The Audio Mixer allow users to have more control over the audio of their sources in Producer.
The Audio Mixer is designed and built for professional audio engineers with aspects of familiarity with traditional mixing desks while also maintaining simplicity in design such that any user can pick up and use it on daily basis.
Audio Mixer supports:
- Gain - the loudness of an audio signal before going through processing; it’s the volume level being sent into the plugins, preamps, and amplifiers. A user is able to set the gain of a source, the range of which is -12dB to +12dB.
- Volume - the measurement of the sound output in decibels (dB). The range is from -infinity (muted) through 0dB (unity) up to +12dB.
- Pan - panning allows the user to pan the audio left or right.
- Solo - soloing comes in three common forms:
- PFL (Pre-fade listen): Listen to an input before the fader but after gain.
- AFL (After-fade listen): Listen to an input after the fader but before panning.
- Solo-in-Place (SIP): Solo in place mutes all other tracks in the main mix unless they have been set in “solo safe” mode.
- Mute - muting a source will allow users to silence a source while still retaining its position on the fader.
- Pages (Layers) - audio pages are a way of organising audio sources in the Audio Mixer interface.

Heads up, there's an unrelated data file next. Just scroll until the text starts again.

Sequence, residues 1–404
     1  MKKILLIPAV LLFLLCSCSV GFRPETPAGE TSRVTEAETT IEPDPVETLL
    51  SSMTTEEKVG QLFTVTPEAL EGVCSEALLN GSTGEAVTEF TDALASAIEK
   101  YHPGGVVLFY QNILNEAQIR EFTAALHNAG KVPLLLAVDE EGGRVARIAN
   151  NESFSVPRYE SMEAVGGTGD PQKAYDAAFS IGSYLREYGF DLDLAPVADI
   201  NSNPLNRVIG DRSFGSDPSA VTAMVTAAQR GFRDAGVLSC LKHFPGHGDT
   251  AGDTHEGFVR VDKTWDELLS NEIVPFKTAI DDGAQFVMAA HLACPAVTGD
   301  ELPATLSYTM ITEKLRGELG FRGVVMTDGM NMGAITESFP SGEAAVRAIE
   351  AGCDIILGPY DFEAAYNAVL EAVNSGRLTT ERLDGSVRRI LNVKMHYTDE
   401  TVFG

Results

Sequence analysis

- Master output control - controls the final volume level of the entire audio mix.
Adding an Audio Mixer
- Select the AUDIO MIXER
- Add all desired sources
- Adjust the GAIN on each source
- Adjust the VOLUME on each source
- Adjust the PAN on each source
- SOLO or MUTE the source
- Select the COG icon to specify the type of FADER (PFL, AFL or SIP)
- Select the three-dot menu to ADD, RENAME or REMOVE PAGE
- Adjust the MASTER volume output
Note: The volume control is not staggered in a linear way. The further you are from unity (0dB) the more range there is between each handle, therefore, making the controls more sensitive when you get to the lower end of the scale. The audiometer is split into four sections. Giving different levels of warning. When an audio source is above 0dB it is clipping, this is signified by the red section at the top of the audiometer.
Tip: A user would usually want an audio track to sit mostly in the green section with the spikes going into the yellow. The peak level (small white line) can be used to track this more easily. For more information on Audio Mixer please contact email@example.com